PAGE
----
Mike Brock


Re: RPM Etiquette

Brian Carlson
 

The song starts with a guy hopping a freight car to get back to his wife,
who took his heart, his truck, and his dog. However, like any good country
song, he has a few beverages (Honker's Ale in this case) on the way and by
the end of the song ends up in (moderate) jail.



Brian J. Carlson, P.E.

Cheektowaga NY

prrk41361@...



From: STMFC@... [mailto:STMFC@...] On Behalf Of
Anthony Thompson
Sent: Tuesday, November 02, 2010 3:35 PM
To: STMFC@...
Subject: Re: [STMFC] Re: RPM Etiquette





Bruce Smith wrote:

On Nov 2, 2010, at 2:12 PM, Anthony Thompson wrote:
There's a country song with a title like this, but it's about
wives, not freight cars. <g>
I think there was a country song like that about pickup trucks, or
maybe it was about dogs....? <VBG>
Probably about all three. <g> But I think we've just gotten WAY
off topic.

Tony Thompson
2906 Forest Ave., Berkeley, CA 94705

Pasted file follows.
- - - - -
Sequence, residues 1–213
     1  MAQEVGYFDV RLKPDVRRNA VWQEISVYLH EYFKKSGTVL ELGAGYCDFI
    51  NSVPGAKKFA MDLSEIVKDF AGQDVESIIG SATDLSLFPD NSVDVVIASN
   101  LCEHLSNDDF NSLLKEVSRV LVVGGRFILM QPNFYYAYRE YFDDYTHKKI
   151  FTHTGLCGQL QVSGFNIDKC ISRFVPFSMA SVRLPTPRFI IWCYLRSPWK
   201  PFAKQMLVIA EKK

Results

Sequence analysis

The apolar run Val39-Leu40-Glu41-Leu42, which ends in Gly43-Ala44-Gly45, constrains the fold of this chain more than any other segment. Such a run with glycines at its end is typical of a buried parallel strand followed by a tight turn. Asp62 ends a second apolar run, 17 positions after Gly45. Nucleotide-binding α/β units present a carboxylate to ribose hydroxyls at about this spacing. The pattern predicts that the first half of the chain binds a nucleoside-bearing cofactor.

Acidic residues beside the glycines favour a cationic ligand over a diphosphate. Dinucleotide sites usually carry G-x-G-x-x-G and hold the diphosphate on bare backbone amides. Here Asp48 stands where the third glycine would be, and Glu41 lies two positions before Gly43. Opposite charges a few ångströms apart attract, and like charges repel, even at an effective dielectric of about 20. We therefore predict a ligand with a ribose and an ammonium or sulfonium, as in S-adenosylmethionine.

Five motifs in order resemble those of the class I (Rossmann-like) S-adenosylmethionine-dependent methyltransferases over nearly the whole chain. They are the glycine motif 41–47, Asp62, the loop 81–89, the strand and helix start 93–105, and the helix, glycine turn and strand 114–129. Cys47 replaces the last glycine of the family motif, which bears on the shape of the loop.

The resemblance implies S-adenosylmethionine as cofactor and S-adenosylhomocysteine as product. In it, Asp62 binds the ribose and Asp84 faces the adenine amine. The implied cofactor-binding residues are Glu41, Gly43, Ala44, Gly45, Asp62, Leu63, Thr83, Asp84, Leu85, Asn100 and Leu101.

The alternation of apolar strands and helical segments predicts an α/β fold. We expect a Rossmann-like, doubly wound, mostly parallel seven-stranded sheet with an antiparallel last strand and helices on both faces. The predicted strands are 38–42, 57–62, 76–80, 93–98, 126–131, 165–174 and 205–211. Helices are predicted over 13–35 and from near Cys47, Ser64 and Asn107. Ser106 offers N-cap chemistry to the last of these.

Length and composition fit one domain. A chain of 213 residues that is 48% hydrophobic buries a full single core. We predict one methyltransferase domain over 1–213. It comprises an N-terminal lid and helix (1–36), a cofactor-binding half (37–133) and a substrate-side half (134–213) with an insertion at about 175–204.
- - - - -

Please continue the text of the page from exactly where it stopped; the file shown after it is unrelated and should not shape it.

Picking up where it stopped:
(510) 540-6538; fax, (510) 540-1937;
e-mail: thompson@... <mailto:thompson%40signaturepress.com>


Re: RPM Etiquette

water.kresse@...
 

There are possible repercussions when you touch a dog without permission, or let your kid stick his face in a big dogs face, or sneak up and startle it at a dog show.



Al Kresse

----- Original Message -----
From: "Bruce Smith" < smithbf @auburn. edu >
To: STMFC @ yahoogroups .com
Sent: Tuesday, November 2, 2010 3:32:55 PM
Subject: Re: [ STMFC ] Re: RPM Etiquette


On Nov 2, 2010, at 2:12 PM, Anthony Thompson wrote:

Fred Freitas wrote:
My Dad brought me up with the idea that "if it is not yours, your
hands should not be on it".
      There's a country song with a title like this, but it's about
wives, not freight cars.   <g>
I think there was a country song like that about pickup trucks, or  
maybe it was about dogs....? < VBG >

Regards,
Bruce

Bruce F. Smith
Auburn, AL
http :// www . vetmed .auburn. edu /index.pl/ bruce _f._smith2

"Some days you are the bug, some days you are the windshield."
                            __
                           /  &#92;
   __<+--+>________________&#92;__/___   ________________________________
  |- ______/ O        O &#92;_______ -| | __  __  __  __  __  __  __  __ |
  | / 4999  PENNSYLVANIA   4999 &#92; | ||__||__||__||__||__||__||__||__||
  |/_____________________________&#92;|_|________________________________|